Advocare V100 Bowl Primer: Arizona vs. Boston College
By Christopher Wuensch
AdvoCare V100 Bowl: Arizona vs. Boston College
The AdvoCare V100 Bowl should come down to one thing: running. Two of the nation’s best will be on display in Shreveport, La., on Dec. 31 when Arizona and Boston College meet for the first time.
The Wildcats (7-5) return to the postseason for the second time in as many years under Rich Rodriquez. Arizona limps into the bowl season losing three of its final four, but their potent ground game make them a threat to anyone on any given day — just ask Oregon.
Boston College enters the AdvoCare Bowl with an identical record as the Wildcats courtesy of a four wins in their final five contests, including victories over Maryland and Virginia Tech.
Both teams have plenty intangibles on both sides of the ball, but the winner is likely the team that can best shut down either the Eagles’ Andre Williams, the nation’s leading rusher, or 2012 rushing leader Ka’Deem Carey of Arizona.
Motivation: Redemption. Carey found himself in Williams’ shadow when it came to postseason accolades, including the Doak Walker Award and a spot on the Heisman dais. Now Carey and the Wildcats have an opportunity to make their own statement in front of a national audience.
If You’ve Never Seen Them: The Wildcats are going to run and not just Carey, who exits his junior season as the Wildcats’ all-time leading rusher (4,070 yards). Arizona’s rushing offense ranks No. 11 in the nation (265.8 ypg) and is commanded by quarterback B.J. Denker, who can also make a name for himself on the national scene with a big game. Denker was the Pac-12’s penultimate passer, but the senior was the conference’s sixth overall rusher (74.8 ypg).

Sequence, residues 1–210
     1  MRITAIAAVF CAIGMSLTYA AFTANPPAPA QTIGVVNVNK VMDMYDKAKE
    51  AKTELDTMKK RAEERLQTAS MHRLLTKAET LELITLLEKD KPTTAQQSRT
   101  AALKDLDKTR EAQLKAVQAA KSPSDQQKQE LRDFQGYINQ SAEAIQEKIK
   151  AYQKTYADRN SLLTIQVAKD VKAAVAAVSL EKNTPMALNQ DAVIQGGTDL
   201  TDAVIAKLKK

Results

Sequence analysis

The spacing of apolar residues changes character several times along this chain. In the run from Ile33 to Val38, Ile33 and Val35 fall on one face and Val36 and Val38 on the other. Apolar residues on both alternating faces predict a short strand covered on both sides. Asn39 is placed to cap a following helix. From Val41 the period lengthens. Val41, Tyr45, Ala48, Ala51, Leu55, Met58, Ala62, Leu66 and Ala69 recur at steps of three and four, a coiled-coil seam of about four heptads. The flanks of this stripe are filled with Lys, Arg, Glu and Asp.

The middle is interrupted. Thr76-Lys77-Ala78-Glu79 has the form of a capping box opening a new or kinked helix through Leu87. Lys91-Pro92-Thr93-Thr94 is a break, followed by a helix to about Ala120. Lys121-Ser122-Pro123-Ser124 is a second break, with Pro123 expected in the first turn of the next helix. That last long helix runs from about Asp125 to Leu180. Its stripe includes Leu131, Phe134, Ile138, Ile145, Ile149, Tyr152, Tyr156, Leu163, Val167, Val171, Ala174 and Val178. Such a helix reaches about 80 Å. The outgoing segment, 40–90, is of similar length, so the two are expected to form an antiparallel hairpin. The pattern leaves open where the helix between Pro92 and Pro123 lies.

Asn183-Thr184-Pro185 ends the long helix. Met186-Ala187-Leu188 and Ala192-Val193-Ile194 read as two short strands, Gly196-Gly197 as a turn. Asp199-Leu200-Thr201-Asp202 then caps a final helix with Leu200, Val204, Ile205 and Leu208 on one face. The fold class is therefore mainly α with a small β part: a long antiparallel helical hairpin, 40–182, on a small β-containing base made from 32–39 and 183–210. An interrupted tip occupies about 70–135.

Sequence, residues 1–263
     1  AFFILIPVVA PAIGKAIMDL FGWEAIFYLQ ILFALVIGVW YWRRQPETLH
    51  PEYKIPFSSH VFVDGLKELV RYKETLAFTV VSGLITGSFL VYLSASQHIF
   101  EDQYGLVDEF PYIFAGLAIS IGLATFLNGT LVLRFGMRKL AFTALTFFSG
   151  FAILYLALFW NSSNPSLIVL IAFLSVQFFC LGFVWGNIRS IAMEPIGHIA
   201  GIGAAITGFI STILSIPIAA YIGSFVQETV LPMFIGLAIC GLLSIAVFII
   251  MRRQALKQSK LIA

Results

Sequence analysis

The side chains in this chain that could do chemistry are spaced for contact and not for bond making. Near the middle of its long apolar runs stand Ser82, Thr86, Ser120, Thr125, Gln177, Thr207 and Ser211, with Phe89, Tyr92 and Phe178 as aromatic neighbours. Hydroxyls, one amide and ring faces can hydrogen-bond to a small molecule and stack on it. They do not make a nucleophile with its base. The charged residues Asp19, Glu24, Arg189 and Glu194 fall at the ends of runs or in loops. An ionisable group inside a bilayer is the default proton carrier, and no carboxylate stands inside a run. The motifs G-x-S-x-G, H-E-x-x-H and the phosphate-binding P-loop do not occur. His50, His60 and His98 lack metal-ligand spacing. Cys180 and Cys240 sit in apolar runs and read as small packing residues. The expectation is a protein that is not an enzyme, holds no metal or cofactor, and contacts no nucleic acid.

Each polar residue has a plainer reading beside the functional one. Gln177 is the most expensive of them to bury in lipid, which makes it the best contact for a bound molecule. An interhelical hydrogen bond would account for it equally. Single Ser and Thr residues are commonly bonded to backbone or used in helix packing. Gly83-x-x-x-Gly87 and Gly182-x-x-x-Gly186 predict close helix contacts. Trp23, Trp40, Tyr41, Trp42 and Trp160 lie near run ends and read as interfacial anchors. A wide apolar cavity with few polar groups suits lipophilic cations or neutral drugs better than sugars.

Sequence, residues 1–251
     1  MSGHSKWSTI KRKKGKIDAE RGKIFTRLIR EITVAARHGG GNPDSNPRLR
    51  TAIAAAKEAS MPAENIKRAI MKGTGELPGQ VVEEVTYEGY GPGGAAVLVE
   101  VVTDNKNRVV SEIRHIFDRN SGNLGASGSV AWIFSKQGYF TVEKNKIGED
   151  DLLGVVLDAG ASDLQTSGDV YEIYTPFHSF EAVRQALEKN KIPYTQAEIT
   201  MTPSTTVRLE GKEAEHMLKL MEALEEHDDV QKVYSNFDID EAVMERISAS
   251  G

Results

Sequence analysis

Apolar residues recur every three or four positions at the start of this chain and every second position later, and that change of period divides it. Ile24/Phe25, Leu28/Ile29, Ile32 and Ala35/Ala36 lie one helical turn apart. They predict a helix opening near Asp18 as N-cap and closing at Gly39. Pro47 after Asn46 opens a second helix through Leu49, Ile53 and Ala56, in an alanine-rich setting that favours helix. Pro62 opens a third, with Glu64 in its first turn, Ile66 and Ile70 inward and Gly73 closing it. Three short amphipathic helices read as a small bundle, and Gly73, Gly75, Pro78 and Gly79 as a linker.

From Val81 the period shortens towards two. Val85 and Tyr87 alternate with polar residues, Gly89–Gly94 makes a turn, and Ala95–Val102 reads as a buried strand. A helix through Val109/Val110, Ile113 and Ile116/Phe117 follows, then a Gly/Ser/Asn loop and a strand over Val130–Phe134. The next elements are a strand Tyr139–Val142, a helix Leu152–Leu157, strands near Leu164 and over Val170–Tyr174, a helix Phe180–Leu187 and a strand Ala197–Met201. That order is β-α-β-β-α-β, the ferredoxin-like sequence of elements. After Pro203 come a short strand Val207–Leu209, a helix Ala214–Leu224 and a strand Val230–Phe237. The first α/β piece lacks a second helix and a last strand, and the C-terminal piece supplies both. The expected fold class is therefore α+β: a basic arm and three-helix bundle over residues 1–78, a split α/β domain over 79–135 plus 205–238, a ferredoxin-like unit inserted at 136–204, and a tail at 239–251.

Weakness: What Denker lacks in passing, he makes up for in his rushing. The Wildcats’ offense and defense ranks spectacularly average in just about every stat category conceivable. Arizona protects the quarterback well and is disciplined when it comes to penalties (second-fewest in Pac-12). No facet of the Wildcats’ game, however, has frustrated coaches and Wildcat Nation alike more than the inconsistency from the team’s kickers the last five seasons. Jake Smith finished with a Pac-12 worst 63.2 percent success rate this year. Simply stated, there’s a reason why RichRod hates to kick.
Motivation: To prove to Eagles Nation (and recruits) that they’re back. Boston College returns to the postseason for the first time in two years under first-year coach Steve Addazio. They do so with a core group of seniors that includes the team’s leading passer, rusher and receiver.
If You’ve Never Seen Them: Williams is going to get his workload in. The nation’s leader in rushing yards and average (2,102/175.2 ypg) is also tops in the FBS in carries (329 rushes). Not only can the Eagles rush, but quarterback Chase Rettig (1,804 yards, 17 TDs, 6 INTs) held his own in close losses to Florida State and Clemson. Wide receiver Alex Amidon hasn’t had a 100-yard game since posting 121 yards against Clemson on Oct. 12, but has the potential to break out against a Wildcats squad that yields an average of 235.5 passing yards.
Weakness: The Eagles’ offense doesn’t run many plays and finished the regular season with an ACC-worst 718 total plays — 84 less than the next-lowest team. As a result, the defense sees plenty of time on the field. The Eagles rank second-to-last in the ACC in total defense and last in pass defense. Luckily for Boston College, the Wildcats have by far the worst passing offense in the Pac-12 (No. 98 in the nation).
Las Vegas Hilton Line: Arizona -7.5